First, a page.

Accessible Features

accessible trail

General information on accessible recreation includes links to other locations with accessible recreation opportunities and information on permits for motorized access.

There is a trail designated for ATV use for those holding permits issued through the Motorized Access Program For People With Disabilities (MAPPWD). The trail is about ½ mile in length going southerly off Stone Hill Road in the northwestern corner of the forest


Stone Hill State Forest may be accessed by taking NY Route 13 to Ball Road. Turn right onto Stone Hill Road. Parking and other access roads are off of Stone Hill Road. (43.4230773°N, 75.9492278°W) Google Maps (leaves DEC website)

Rules, Regulations and Outdoor Safety

Practice Leave No Trace (leaves DEC website) principles when recreating on state land to enjoy the outdoors responsibly; minimize impact on the natural resources and avoid conflicts with other users.

All users of Stone Hill State Forest must follow all State Land Use Regulations and should follow all Outdoor Safety Practices for the safety of the user and protection of the resource.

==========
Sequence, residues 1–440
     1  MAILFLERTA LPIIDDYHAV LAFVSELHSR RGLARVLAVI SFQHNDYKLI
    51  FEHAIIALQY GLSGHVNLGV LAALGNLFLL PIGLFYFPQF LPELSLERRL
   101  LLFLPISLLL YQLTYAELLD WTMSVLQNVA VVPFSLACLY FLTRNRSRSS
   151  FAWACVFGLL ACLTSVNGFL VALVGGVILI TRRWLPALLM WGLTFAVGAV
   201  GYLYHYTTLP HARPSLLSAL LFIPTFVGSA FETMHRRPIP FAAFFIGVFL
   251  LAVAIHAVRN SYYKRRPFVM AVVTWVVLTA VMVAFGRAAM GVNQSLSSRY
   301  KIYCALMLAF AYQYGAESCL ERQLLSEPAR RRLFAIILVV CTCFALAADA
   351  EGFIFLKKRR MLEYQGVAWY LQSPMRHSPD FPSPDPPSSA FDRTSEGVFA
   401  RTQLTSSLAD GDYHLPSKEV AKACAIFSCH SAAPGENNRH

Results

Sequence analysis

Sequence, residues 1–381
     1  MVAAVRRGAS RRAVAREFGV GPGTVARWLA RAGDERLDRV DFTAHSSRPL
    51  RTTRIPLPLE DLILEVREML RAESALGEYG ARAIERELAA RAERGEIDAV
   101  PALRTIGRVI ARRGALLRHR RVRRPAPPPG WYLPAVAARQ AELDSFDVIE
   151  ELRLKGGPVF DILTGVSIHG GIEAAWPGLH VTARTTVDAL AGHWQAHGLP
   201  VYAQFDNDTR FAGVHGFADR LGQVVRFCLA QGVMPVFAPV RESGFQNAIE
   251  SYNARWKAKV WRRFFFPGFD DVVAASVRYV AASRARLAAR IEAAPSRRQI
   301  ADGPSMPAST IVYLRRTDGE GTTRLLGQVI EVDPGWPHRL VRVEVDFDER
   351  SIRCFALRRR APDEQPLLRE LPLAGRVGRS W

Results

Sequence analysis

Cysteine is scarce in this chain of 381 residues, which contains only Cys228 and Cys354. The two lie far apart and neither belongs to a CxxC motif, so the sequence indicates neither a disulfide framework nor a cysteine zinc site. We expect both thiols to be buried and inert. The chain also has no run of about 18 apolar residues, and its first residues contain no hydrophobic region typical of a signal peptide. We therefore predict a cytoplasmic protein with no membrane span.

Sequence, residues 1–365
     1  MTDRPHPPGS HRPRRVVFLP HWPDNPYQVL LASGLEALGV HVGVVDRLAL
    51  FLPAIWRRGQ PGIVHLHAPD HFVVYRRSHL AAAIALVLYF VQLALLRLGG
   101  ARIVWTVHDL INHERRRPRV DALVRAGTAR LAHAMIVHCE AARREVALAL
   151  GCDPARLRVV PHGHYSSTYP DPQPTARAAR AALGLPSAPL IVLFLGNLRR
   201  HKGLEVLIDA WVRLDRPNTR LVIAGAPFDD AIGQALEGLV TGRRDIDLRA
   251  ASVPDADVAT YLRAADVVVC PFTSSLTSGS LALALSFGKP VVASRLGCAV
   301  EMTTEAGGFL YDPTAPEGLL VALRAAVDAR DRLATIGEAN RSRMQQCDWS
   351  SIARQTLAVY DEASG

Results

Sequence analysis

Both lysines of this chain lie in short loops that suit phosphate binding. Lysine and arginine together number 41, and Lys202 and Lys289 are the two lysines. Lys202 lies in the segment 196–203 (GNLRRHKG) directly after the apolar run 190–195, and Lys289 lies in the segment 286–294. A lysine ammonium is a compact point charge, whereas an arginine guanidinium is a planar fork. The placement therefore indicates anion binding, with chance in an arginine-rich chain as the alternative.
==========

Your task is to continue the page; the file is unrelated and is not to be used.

How We Manage Stone Hill State Forest

In the future Stone Hill State Forest, along with Orton Hollow State Forest, Klondike State Forest and Kasoag State Forest will be part of the Fish Creek Unit Management Plan. A Unit Management Plan (UMP) guides the DEC's land management activities on several geographically related forests for a ten-year period, although a number of goals and objectives in the plan focus on a much longer time period. Each UMP addresses specific objectives and actions for public use and forest management. If you have questions and/or comments about this UMP, please email us info.r7@dec.ny.gov

Stone Hill State Forest is comprised mainly of mature natural hardwood and northern hardwood-hemlock cover types. Species including red maple, black cherry, white ash, sugar maple, American beech, yellow birch, red oak and hemlock thrive within the forest. A few, small conifer plantations planted by the Civilian Conservation Corps (CCC) during the 1930s, 1940s and 1950s can also be found throughout the property, consisting mainly of white pine, red pine, larch and spruce.

The majority of the forest is wetland, with some areas defined as hemlock swamps. These critical habitats provide food and shelter to hundreds of species of plants and animals.